The Fifth Circuit decision  implicitly acknowledged that the federal student-loan program poses an enormous public-policy problem, but in the court’s view, it was not the judiciary’s job to fix it: "[T]he fact that student loans are now mountainous in quantity poses systematic issues far beyond the capacity or authority of courts, which can only interpret the written law. . . Ultimate policy issues raised by Ms. Thomas and the amicus are for Congress, not the courts."


So what does the future hold for Vera Thomas? Her student-loan debt is undoubtedly far larger today than it was when she initially borrowed $7,000 to enroll at a community college back in 2012. Over the years, interest has accrued and perhaps penalties and fees. In the aftermath of the Fifth Circuit's decision, it seems likely that Vera Thomas’s only viable option is to sign up for an income-driven repayment plan, which will terminate when she is 85 years old. 



References

Thomas v. U.S. Department of Education, No 18-11091 (5th Cir. July 30, 2019).

Tuesday, July 30, 2019

The Student Loan Crisis: If you aren't concerned, you're not paying attention

Joseph Kennedy, it is said, got out of the stock market after a shoeshine boy gave him a stock tip. When a shoeshine boy is in the stock market, Kennedy reasoned, it is time to get out. And thus Joe Kennedy, JFK's father and a very wealthy man, got out of the market before the 1929 crash.

Signs are all around us that the federal student-loan program is deep underwater, but the nation's colleges and universities keep chugging along like the federal gravy train will keep spewing money forever.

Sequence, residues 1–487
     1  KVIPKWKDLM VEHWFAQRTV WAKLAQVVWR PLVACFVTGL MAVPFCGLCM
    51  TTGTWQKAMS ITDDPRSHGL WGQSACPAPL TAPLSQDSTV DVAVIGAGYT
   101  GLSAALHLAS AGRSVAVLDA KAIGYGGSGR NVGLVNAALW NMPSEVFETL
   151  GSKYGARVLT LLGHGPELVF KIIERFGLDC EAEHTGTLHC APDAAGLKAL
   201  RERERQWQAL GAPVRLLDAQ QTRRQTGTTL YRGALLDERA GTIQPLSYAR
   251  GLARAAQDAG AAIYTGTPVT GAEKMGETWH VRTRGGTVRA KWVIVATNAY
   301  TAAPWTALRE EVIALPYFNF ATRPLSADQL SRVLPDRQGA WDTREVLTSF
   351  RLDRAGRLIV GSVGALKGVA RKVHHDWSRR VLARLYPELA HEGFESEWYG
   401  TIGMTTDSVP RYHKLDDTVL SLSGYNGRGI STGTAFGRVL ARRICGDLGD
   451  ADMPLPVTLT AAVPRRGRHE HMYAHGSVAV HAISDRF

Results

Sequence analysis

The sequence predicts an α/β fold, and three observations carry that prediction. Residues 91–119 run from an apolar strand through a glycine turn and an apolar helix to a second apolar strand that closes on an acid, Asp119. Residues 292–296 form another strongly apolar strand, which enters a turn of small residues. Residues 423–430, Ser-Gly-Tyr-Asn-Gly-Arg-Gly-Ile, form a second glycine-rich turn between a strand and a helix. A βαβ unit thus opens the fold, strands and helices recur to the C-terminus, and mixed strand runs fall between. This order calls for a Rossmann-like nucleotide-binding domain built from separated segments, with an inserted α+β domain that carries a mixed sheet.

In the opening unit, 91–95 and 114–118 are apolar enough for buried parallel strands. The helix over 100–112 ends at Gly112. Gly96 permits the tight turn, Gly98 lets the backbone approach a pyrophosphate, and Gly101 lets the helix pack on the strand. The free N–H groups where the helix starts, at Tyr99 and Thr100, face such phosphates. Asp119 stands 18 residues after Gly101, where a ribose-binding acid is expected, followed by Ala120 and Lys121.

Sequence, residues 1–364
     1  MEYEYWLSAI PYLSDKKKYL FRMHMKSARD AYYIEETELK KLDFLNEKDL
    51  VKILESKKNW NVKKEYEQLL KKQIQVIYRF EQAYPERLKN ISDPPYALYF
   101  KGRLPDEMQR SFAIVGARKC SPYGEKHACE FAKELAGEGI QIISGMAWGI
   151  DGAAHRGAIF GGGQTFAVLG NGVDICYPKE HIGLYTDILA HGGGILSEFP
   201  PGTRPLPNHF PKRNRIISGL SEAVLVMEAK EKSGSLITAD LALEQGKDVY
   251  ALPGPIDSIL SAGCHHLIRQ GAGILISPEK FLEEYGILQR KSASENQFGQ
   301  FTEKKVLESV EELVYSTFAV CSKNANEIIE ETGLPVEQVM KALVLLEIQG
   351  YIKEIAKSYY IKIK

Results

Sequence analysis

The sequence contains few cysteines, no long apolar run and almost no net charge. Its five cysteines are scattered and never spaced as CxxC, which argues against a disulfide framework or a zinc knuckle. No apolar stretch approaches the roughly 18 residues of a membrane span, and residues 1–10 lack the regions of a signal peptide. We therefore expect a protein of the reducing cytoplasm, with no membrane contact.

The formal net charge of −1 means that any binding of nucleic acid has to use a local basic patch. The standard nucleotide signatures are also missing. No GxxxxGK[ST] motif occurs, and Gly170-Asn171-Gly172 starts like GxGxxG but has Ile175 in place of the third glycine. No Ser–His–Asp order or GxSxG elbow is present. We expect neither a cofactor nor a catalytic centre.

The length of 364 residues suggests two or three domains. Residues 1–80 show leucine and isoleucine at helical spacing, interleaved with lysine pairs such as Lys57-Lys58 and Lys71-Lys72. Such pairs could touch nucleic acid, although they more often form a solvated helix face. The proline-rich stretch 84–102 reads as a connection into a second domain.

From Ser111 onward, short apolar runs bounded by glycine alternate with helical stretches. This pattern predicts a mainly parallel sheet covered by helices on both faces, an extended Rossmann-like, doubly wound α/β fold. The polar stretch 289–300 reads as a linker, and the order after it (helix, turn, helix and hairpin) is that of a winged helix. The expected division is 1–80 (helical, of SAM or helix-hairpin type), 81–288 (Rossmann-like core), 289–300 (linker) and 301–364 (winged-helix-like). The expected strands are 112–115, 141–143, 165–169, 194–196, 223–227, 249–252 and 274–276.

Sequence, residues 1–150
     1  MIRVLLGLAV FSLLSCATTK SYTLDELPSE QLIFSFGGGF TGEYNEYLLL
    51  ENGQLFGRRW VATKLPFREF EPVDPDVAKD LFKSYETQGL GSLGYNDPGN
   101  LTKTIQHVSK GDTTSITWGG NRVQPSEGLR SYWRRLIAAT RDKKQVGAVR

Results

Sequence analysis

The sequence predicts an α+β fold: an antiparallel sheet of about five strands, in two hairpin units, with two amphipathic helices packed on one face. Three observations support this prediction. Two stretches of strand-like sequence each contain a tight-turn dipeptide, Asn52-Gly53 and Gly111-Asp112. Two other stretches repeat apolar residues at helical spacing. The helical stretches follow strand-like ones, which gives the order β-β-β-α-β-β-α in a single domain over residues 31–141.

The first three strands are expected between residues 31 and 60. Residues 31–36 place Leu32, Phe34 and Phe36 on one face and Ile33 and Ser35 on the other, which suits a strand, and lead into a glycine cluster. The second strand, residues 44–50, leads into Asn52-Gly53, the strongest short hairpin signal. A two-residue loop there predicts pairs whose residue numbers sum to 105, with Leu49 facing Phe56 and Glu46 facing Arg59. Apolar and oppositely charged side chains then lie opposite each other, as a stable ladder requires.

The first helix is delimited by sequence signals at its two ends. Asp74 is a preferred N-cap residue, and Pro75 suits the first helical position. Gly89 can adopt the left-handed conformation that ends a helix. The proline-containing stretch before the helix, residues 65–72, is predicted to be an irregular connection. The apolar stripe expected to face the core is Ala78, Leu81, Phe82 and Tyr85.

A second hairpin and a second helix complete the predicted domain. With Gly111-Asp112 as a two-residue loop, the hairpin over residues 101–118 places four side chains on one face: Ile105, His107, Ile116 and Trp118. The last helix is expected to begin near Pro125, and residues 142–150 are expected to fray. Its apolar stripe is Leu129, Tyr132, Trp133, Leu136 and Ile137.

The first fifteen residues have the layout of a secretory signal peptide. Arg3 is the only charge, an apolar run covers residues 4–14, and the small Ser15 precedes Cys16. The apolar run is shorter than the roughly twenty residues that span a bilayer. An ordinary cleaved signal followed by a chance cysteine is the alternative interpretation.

Already a lot of small, obscure liberal arts colleges are shutting down.  But the public universities and the elite private colleges are as heedless of this trend as a herd of wildebeests who keep galloping along while lions pull down the weaker animals at the back of the herd.

So here are some "shoeshine boy" signs of a looming calamity:

The College Board reported that 29 percent of student debtors were in income-driven repayment plans (IDRs)in 2018 and that the amount these people owed constituted almost half of all the student-loan money in repayment.

Think about that. If half of the outstanding student debt is being serviced by borrowers in income-based plans, that means half of the debt is not being paid back.

Then we have the Government Accountability Office's report that one-third of a sample of people in IDRs say that they have no income but actually have annual incomes of at least $45,000.  These folks are paying zero on their student loans but aren't counted as defaulters.

And then we have Education Secretary Betsy DeVos's candid admission that only one out of four student borrowers is paying down interest and principal on their student loans and that 43 percent of all student loans are "in distress."